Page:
The Fall of Tastykake
With the sale of the 100-year-old Philadelphia brand to a Georgia company, serious questions arise about Tasty Baking’s demise, from installing politically connected Charlie Pizzi as CEO to taxpayers shelling out $32 million to build a new factory in the Navy Yard. In the end, Tasty’s long rise and recent fall are the story of how this city works — or more accurately, too often doesn’t
But even then, in what was arguably Pizzi’s finest pre-Tastykake moment, he wasn’t calling all the shots. It was Judee von Seldeneck, founder of Diversified Search (a high-level job-placement firm) and then the chamber’s chair, who initiated the tax-cut crusade and convinced Pizzi to buy into it. “She was the power behind the throne,” says tax-cut advocate Brett Mandel. “Charlie got into it, though. It was very out of character to see him dissenting, and it was terrific because the chamber had really epitomized the Philly tendency to drown without making waves. He dissented. In Philadelphia, that passes for boldness.”
Within months, Pizzi was named Tasty Baking’s new CEO. The board that picked him included his good friends DiBona Jr. (since deceased) and von Seldeneck. Also on the board was Ronald J. Kozich, a former Ernst & Young partner who knows Pizzi well. With Pizzi, the board selected a man best known not for his managerial skill, but for the size of his Rolodex and his ability to work a room. When news of his selection spread, analysts howled and Tasty Baking’s stock price began to fall.
Von Seldeneck defended the decision at the time. “We’re all directors of a public company,” she told the Inquirer. “We have a fiduciary responsibility to shareholders. You don’t put your pals in positions like this.”
Of course, that’s exactly what von Seldeneck had just done.
THE COMPANY PIZZI had been given was already in trouble. New snack products were encroaching on stomachs, wallets and shelf space that had once belonged exclusively to Tastykake: breakfast bars, bags of crackers, flavored nuts, an endless array of chips (potato, tortilla, taro, etc.).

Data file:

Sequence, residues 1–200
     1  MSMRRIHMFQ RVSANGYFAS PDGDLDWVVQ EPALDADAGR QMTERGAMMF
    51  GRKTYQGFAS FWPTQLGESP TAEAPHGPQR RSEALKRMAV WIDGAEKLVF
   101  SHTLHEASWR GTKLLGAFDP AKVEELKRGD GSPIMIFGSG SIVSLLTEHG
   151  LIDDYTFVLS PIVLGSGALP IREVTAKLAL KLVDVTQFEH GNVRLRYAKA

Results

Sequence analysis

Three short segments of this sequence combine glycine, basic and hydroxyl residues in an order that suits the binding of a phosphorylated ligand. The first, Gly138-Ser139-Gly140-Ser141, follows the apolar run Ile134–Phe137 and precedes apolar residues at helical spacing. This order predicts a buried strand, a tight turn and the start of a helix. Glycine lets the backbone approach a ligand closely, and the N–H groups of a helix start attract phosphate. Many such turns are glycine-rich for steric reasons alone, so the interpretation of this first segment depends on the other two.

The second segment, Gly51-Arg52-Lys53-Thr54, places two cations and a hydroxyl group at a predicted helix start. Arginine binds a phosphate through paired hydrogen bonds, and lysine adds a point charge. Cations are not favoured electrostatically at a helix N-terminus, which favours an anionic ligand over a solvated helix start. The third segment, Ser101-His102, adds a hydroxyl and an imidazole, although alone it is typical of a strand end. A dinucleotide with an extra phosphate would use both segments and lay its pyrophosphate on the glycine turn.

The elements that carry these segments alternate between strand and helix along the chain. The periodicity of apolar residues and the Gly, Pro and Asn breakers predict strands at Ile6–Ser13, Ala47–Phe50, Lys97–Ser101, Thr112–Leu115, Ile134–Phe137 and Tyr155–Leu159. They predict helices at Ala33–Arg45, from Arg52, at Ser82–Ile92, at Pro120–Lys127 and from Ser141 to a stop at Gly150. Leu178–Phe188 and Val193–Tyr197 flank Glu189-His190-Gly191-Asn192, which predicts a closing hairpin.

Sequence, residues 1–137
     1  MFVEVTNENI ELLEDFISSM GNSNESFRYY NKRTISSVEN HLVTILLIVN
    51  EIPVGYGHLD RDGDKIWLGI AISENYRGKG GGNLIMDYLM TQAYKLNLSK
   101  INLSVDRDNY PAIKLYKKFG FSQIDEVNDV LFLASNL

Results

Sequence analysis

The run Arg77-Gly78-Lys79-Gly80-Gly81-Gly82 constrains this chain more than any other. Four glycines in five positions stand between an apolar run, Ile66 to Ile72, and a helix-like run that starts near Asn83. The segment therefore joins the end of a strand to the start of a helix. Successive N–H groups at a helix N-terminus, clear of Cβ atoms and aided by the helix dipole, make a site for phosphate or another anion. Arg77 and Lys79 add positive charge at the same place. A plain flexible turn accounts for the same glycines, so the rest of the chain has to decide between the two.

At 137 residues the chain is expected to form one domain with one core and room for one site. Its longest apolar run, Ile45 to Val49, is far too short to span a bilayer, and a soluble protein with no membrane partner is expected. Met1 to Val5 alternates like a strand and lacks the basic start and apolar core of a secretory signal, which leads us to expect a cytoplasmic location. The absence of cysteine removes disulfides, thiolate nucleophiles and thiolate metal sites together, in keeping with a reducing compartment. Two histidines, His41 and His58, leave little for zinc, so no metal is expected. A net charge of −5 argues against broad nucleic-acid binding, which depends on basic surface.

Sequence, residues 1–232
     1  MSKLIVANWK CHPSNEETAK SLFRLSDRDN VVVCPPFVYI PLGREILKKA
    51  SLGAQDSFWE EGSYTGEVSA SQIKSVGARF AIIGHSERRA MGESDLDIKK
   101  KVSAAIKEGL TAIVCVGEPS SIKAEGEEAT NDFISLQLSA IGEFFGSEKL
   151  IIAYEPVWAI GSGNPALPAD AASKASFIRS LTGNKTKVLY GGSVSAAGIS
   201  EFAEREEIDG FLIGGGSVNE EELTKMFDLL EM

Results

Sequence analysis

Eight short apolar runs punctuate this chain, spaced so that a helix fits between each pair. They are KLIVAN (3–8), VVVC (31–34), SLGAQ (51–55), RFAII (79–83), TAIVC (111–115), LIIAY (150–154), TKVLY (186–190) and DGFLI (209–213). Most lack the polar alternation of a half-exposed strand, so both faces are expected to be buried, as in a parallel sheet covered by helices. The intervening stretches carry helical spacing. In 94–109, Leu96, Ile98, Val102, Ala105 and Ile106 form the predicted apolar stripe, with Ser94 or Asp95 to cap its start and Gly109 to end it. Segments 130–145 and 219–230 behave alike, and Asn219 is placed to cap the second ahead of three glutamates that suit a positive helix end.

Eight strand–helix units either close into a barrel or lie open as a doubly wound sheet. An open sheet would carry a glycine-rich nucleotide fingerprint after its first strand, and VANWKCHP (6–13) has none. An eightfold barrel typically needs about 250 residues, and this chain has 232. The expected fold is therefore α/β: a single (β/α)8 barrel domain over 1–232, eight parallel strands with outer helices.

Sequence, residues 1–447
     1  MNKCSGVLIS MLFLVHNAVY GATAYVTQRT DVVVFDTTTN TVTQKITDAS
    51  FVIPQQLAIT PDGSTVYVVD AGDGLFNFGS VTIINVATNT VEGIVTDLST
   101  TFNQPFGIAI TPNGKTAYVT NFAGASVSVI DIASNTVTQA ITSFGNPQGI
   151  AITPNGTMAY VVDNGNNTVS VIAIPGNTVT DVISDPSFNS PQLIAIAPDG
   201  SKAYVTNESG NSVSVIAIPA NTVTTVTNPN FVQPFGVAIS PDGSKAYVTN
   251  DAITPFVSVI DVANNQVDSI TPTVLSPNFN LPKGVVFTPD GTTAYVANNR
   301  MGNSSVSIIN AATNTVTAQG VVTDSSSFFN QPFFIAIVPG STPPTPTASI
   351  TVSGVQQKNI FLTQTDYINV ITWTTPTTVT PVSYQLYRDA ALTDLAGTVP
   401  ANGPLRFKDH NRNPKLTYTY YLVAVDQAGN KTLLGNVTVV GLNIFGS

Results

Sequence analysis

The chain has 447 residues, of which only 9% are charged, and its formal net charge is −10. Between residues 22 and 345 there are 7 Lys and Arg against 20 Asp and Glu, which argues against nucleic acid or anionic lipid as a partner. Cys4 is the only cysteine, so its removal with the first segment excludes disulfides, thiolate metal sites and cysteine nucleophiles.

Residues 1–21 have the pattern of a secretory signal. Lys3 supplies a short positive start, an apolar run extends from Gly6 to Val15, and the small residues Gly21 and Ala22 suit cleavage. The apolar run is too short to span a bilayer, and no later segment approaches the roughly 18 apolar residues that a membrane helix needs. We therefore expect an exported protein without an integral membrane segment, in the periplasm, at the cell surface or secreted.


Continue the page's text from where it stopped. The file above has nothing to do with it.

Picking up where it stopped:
Ominously, Tasty Baking had begun losing ground in the Philadelphia market, the company’s golden goose. It will likely surprise no one to learn that this region’s residents eat more snack cakes than those of any other region of the country. By 2002, though, Tastykake’s once-commanding share of the local market — more than 90 percent in some years — had dwindled to about two-thirds.
At the upper end of the market, health-conscious snackers began to shun junk brands like Tastykake. At the lower end of the market, Tasty Baking was losing customers to Little Debbie, a producer of cheaper, if inferior, cakes that give consumers a similar sugar rush.
Tasty Baking had been slow to adapt to the region’s changing demographics, failing to convert immigrants into loyal buyers. Local Asians eat virtually none, according to former Tasty Baking executives.
Pizzi’s predecessor as CEO, Carl Watts (an anti-Pizzi who shunned the political scene and logged 35 years with the company), tried to counter the drop-off in local sales in the 1990s by expanding to states like California, Texas and Arizona. Spoilage wasn’t as much a challenge by then as it once had been. Tasty Baking had improved its shelf life in the mid-1990s with new packaging, and it had also joined its competitors in baking cakes that were packed with preservatives. (Let’s just say that most ingredients in Butterscotch Krimpets aren’t common in home kitchens.) But margins on the out-of-region sales were relatively low, given the higher distribution costs, and faraway snack consumers unfamiliar with Tastykakes often stuck with their favorites, such as Twinkies.
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